30 Jan (NucNet): The Polish government has postponed a decision on the future of the country’s nuclear new-build programme until mid-2017, local media reported.
Poland’s energy minister Krzysztof Tchórzewski was reported as telling a conference on nuclear energy today that he had received a mandate from the government to present a new financing model for the country’s nuclear project by “the end of the first half” of 2017.
Mr Tchórzewski told the conference that Poland’s economy “is not indifferent” towards nuclear technology with a number of Polish companies involved in activities related to the nuclear sector.
According to the business daily WNP, Grzegorz Tobiszowski, a deputy energy minister, told the conference that the ministry will soon present its concept for Poland’s “target energy mix”, which will take into account nuclear energy.
The International Energy Agency said in a report on 25 January 2017 that under the previous Polish government, plans were published to develop and deploy nuclear capacity by the end of 2022. In mid-2015, the government started consultation on a new energy policy up to 2050.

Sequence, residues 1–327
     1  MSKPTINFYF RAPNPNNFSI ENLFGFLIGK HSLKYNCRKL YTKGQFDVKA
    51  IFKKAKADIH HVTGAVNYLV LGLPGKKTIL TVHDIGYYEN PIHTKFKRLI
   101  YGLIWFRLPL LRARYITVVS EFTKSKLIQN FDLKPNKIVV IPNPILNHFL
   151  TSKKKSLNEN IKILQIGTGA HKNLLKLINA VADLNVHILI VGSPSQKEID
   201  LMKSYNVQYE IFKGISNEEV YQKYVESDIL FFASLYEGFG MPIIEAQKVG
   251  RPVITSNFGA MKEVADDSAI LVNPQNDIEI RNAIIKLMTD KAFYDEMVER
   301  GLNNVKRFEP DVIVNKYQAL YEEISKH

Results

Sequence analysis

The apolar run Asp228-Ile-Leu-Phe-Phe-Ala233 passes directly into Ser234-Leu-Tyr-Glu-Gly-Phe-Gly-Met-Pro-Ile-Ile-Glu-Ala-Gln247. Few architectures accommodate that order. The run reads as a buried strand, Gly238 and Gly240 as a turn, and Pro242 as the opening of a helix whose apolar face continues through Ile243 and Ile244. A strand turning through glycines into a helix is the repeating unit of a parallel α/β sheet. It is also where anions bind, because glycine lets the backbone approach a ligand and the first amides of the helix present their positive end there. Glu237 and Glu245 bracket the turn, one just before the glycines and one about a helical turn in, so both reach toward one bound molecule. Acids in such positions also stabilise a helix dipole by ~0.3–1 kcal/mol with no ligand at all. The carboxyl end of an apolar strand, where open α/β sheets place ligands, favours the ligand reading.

During the consultation period a new government was elected, and this new government is revisiting the draft 2050 strategy and intends to publish its plans later this year.
The IEA called on Poland’s government to “move expediently” to determine and announce the timeline, constraints and support mechanisms for the country’s first nuclear reactor units.
The agency said this would provide long-term certainty for the licensee to proceed with investment decisions, siting characterisation and selection activities, and technology evaluation.